February 5, 1999


SBA Director Alvarez Announces New Outreach To Hispanic Businessmen

By Daniel Muñoz

With the flourish of her pen, Administrator Aida Alvarez of the Small Business Administration signed a Partnership Agreement with 33 National Hispanic organizations at the White House.

"With these agreements today, Hispanic entrepreneurs have a seat at America's economic table" she said.

"The Hispanic community's economic empowerment movement starts here and now," said Massey Villarreal, chair of the U.S. Hispanic Chamber of commerce.



Errol J. Chavez, Special Agent in Charge of the San Diego Field Division, U.S. Drug Enforcement.

"The partnership agreement states that SBA and each participant will combine their efforts to reach out to Hispanics who may benefit from SBA services and to help more small firms succeed. The national partnership agreement will help forge stronger relationships between SBA district offices, local chambers, and other SBA resource partners as well as the participating organization local chapters," added Administrator Alvarez.

Out of the 33 Hispanic groups listed five were located in Los Angeles, two in San Juan Capistrano, and one in San Diego. The organizations signing the agreement from California include: The Mexican American Legal Defense & Educational Fund (2 groups), National Association of Elected Officials, Society of Professional Engineers & The Willie Velasquez Institute of Los Angeles. In San Juan Capistrano the National Builders Inc, signed the agreement twice. In San Diego, The Hispanic American Police Officers Association was the only group invited to become a signatory of the Agreement.

La Prensa San Diego contacted Mr. Errol Chavez who was listed as the President of the Hispanic American Police Officers Association HAPOA. He is the Special Agent in charge of the Drug Enforcement Administration (DEA) in San Diego.

L/P - Mr. Chavez, Why and how were you selected to join in this Agreement and identify for our readers just what or who HAPOA is.

Chavez - I am the National president of the Association. Our national headquarters is in Washington D.C. The local chapter (in San Diego) is basically out of Los Angeles. I am in the process of creating a chapter in San Diego. The national group is over 30 years old. But the chapter here will be a new one. HAPOA was founded in 1973 in California. Its name at that time was the Mexican American Police Command Officers Association. In 1984 the name was changed to its present name in order to reflect the representation of Hispanic command officers in the entire country. HAPOA assists law enforcement agencies in addressing their need to improve community relations through training and education and it also creates a forum in which all officers of all ranks can improve their careers. Currently there are 600 members in the organization. One objective of HAPOA is to fulfill the growing need of criminal justice agencies for qualified Hispanic Americans at all levels.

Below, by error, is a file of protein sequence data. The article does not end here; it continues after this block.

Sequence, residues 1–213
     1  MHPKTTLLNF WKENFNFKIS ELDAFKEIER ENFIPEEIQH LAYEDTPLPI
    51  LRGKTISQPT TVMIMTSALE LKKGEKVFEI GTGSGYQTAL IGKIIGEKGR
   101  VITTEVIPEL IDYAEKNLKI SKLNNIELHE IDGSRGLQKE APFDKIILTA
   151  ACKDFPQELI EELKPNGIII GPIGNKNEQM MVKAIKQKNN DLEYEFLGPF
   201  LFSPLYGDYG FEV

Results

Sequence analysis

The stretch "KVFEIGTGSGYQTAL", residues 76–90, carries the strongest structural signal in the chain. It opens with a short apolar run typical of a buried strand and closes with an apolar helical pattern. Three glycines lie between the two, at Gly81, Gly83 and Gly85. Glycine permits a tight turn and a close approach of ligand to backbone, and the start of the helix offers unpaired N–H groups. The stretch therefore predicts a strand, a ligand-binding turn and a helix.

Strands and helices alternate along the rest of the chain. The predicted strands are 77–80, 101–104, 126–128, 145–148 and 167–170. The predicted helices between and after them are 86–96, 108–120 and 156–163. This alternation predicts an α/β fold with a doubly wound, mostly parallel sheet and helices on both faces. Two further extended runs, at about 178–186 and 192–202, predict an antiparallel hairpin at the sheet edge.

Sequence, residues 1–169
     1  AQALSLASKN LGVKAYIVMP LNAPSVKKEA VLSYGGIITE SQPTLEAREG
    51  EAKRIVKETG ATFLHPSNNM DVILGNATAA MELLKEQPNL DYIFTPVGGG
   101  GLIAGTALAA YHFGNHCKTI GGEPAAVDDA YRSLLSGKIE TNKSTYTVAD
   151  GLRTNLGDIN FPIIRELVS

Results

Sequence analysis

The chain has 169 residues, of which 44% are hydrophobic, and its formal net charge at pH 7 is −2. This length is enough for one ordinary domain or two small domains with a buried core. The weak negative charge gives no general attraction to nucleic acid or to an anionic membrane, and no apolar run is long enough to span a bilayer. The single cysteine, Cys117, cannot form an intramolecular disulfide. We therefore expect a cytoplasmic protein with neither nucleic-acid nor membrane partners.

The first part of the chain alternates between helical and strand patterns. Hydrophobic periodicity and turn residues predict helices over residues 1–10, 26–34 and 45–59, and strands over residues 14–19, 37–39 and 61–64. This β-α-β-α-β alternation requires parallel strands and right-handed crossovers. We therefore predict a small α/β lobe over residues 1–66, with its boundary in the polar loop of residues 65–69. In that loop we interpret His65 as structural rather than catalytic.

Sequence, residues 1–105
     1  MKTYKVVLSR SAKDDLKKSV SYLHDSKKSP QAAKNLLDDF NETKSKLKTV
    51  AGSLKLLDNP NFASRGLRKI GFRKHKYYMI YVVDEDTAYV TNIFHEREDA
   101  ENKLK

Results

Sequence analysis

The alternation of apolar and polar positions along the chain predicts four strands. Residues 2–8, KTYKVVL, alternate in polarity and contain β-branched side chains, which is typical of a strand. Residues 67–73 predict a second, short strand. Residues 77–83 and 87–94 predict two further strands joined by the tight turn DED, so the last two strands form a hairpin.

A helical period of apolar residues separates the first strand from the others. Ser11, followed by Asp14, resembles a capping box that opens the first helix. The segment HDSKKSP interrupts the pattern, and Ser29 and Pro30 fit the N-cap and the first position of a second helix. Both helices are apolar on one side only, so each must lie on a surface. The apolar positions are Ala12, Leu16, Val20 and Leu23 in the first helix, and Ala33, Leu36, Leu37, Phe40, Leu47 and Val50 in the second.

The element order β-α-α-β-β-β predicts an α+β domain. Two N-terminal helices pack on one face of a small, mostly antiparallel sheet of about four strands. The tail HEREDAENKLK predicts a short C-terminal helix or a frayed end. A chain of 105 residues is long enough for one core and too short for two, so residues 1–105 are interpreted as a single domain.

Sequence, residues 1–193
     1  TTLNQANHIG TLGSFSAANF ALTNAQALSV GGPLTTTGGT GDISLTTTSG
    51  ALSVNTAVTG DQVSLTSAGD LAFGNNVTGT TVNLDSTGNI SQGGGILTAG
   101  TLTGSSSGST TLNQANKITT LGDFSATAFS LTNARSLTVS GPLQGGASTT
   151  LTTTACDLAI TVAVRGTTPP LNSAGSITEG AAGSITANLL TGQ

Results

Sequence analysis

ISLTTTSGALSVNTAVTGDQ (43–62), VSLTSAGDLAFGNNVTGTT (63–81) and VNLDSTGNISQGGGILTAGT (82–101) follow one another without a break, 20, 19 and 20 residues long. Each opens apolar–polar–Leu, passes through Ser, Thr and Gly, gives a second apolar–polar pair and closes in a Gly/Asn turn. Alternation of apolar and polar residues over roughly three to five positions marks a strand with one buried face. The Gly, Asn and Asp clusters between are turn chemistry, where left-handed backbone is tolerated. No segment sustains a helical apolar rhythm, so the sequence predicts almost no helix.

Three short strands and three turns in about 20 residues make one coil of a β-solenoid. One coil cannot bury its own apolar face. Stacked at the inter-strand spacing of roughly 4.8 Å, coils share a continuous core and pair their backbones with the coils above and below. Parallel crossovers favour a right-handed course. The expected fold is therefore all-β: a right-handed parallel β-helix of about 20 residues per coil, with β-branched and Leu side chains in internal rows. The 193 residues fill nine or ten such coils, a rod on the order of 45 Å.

L/P - What role does the group play in this "Partnership Agreement?

Chavez - We will not be dealing with any type of financial program. We will not be asking for any support or money. We provide support to the Hispanic community. As law enforcement professionals we deal with the public, the Hispanic community… What we are trying to do is facilitate and support this movement (by Alvarez and the government).

L/P - They are not really putting any `bucks' behind this agreement are they?

Chavez - You have to talk to SBA about that. One of our goals is to achieve a greater cooperation between the community and the criminal justice system. We can achieve this by cooperating with SBA with some of their programs such as the Partnership Agreement.

L/P - The press statement from the director Alvarez stated: "With these agreements today, Hispanic entrepreneurs, have a seat at America's economic table" can you clarify just how this is going to come about when there is no money involved?

Chavez - SBA has their monies and outreach to the minority communities that is completely different from what we in HAPOA will be doing. We will be offering guidance, training, recognition, and providing information to them (SBA) so they can come in with a program. We will not be facilitating any money whatsoever.

L/P - Then you are not going to be involved in qualifying or recommendation entrepreneurs for business loans?

Chavez - No.

According to SBA, the number of Hispanics owning businesses has skyrocketed by 230 percent from 1987-1997 to an estimated 1.4 million businesses. These businesses generate revenues of $184 billion annually.

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